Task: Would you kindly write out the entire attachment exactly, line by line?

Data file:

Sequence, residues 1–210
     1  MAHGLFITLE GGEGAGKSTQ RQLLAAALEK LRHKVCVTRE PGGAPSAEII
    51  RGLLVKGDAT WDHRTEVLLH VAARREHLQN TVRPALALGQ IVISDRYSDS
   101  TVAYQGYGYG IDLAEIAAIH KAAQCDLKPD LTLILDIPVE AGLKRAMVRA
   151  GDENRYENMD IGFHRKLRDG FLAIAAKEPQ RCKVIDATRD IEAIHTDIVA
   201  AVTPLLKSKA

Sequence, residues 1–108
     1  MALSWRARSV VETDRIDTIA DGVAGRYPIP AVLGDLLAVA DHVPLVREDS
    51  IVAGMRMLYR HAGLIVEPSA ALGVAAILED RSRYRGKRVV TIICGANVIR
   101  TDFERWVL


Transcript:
Sequence, residues 1–210
     1  MAHGLFITLE GGEGAGKSTQ RQLLAAALEK LRHKVCVTRE PGGAPSAEII
    51  RGLLVKGDAT WDHRTEVLLH VAARREHLQN TVRPALALGQ IVISDRYSDS
   101  TVAYQGYGYG IDLAEIAAIH KAAQCDLKPD LTLILDIPVE AGLKRAMVRA
   151  GDENRYENMD IGFHRKLRDG FLAIAAKEPQ RCKVIDATRD IEAIHTDIVA
   201  AVTPLLKSKA

Sequence, residues 1–108
     1  MALSWRARSV VETDRIDTIA DGVAGRYPIP AVLGDLLAVA DHVPLVREDS
    51  IVAGMRMLYR HAGLIVEPSA ALGVAAILED RSRYRGKRVV TIICGANVIR
   101  TDFERWVL